Tuesday, 23 January 2018

Two Imp Verdicts

Indrani Sunil Pillai vs. ACIT (ITAT Mumbai)

S. 271(1)(c) penalty: If the AO has not recorded any satisfaction in absolute terms whether the assessee has concealed particulars of income or has furnished inaccurate particulars of income, the levy of penalty is invalid. The judgement of the Bombay High Court in Maharaj Garage cannot be read out of context or in a manner to mean that there is no need for mentioning the specific limb of section 271(1)(c) of the Act for which the penalty was intended to be imposed, as such issue never came up for consideration before the High Court  



As far as the judgment of the Hon’ble Jurisdictional High Court in Maharaj Garage dated 22nd August 2017 in ITA no. 21 of 2008 relied upon by the learned Departmental Representative, on a careful reading of the said judgment, we are of the view that it will have no application to the facts of the case. As could be seen, the basic issue arising out of the reference application which fell for consideration of the Hon’ble Jurisdictional High Court was, while granting previous approval by Inspecting Assistant Commissioner of Income–tax as per provisions of section 271(1)(c)(iii) of the Act whether the assessee was required to be given an opportunity of being heard. While considering this issue, the Hon’ble Jurisdictional High Court observed that provisions of section 271(1)(c)(iii) does not attract rule of presumption of mens rea as the penalty imposable under the said provision is for the breach of civil obligation. The observations of the Hon’ble Court against issuance of show cause notice appears to be in the context of quantum of penalty proposed to be imposed and not with reference to the doing away with the issuance of show cause notice as contemplated under section 274 of the Act. Therefore, the judgment of the Hon’ble Court cannot be read out of context or in a manner to mean that there is no need for mentioning the specific limb of section 271(1)(c) of the Act for which the penalty was intended to be imposed, as such issue never came up for consideration before the Hon’ble High Court. That being the case, the aforesaid decision cannot be applied for rebutting the proposition that in the absence of recording of satisfaction regarding the exact nature of offence, no penalty under section 271(1)(c) can be imposed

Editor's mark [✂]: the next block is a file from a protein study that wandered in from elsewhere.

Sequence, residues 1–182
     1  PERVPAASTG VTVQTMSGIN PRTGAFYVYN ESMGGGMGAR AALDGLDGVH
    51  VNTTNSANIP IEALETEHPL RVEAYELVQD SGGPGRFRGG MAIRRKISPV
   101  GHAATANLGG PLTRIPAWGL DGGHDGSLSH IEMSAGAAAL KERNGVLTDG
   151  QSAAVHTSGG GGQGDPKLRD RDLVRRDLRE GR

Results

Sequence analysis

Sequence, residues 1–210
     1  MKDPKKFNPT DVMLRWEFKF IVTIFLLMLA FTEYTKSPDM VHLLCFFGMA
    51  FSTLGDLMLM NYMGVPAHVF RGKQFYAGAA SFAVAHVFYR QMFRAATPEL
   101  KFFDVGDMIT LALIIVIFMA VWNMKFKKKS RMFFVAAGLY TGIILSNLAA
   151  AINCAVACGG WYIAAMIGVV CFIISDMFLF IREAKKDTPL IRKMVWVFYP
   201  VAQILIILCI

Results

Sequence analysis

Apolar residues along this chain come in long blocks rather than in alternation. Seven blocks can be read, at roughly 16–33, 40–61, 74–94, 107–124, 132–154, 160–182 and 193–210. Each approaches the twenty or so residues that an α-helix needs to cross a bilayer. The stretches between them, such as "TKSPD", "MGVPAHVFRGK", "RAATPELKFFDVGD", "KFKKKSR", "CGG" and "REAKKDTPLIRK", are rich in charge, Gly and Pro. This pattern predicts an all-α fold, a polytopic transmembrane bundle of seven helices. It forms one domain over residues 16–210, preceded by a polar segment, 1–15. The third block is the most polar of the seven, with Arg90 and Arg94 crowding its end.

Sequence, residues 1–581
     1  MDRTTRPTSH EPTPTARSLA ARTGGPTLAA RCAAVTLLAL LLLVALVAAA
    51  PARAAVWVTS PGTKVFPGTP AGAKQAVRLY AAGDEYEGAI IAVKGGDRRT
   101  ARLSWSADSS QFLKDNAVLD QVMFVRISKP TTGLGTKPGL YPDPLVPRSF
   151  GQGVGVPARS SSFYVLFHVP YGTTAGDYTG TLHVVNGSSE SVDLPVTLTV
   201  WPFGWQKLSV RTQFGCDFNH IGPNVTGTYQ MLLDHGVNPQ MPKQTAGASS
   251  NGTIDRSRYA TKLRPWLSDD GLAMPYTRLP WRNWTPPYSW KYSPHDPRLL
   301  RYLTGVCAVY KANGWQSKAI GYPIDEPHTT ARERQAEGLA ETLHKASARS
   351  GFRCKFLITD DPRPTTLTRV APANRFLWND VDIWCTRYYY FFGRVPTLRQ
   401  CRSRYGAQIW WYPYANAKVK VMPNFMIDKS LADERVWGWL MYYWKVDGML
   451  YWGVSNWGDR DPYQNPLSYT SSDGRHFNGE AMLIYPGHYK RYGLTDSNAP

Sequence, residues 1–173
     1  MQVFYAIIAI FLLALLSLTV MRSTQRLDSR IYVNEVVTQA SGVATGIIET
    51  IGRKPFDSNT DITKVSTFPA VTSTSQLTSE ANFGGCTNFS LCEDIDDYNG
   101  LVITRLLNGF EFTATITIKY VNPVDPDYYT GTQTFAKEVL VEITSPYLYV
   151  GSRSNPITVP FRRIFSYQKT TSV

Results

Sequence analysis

ACIT vs. Mohinder Singh (ITAT Chandigarh)

S. 2(1A)/ 68: An assessee who understates the consideration received for sale of agricultural land to avoid payment of stamp duty is defrauding the exchequer. He cannot take advantage of his own wrong and is estopped from contending that the amount received from the purchaser is a higher amount than was stated in the agreement. The incremental amount is assessable as ‘income from other sources’ and not as ‘agricultural income’. However, penalty u/s 271(1)(c) cannot be levied for the said wrong claim

Both seller and purchaser are estopped from their act and conduct to take such a self -contradictory plea. Not only the earlier but the later authorities also are the public officers appointed for the collection of taxes contributing to the public exchequer (may be of the State or of the Union) and a person having represented the factum of the transaction in a particular manner at one stage to a public officer and getting a wrongful benefit is estopped to deny the same to the subsequent public authority, both authorities being employee and representative of the government. The principle of estoppel in the light of the provisions of section 115 of the Evidence Act gets attracted in such a case. Even otherwise, recognizing such a transaction will amount to over riding the provisions of Transfer of Property Act and Indian Registration Act. In view of the above discussion, it can be safely held that not only legally but also ethically and morally, the parties to a registered document are not allowed to deny the terms of the document until and unless the very validity or execution of such a document is disputed

No comments: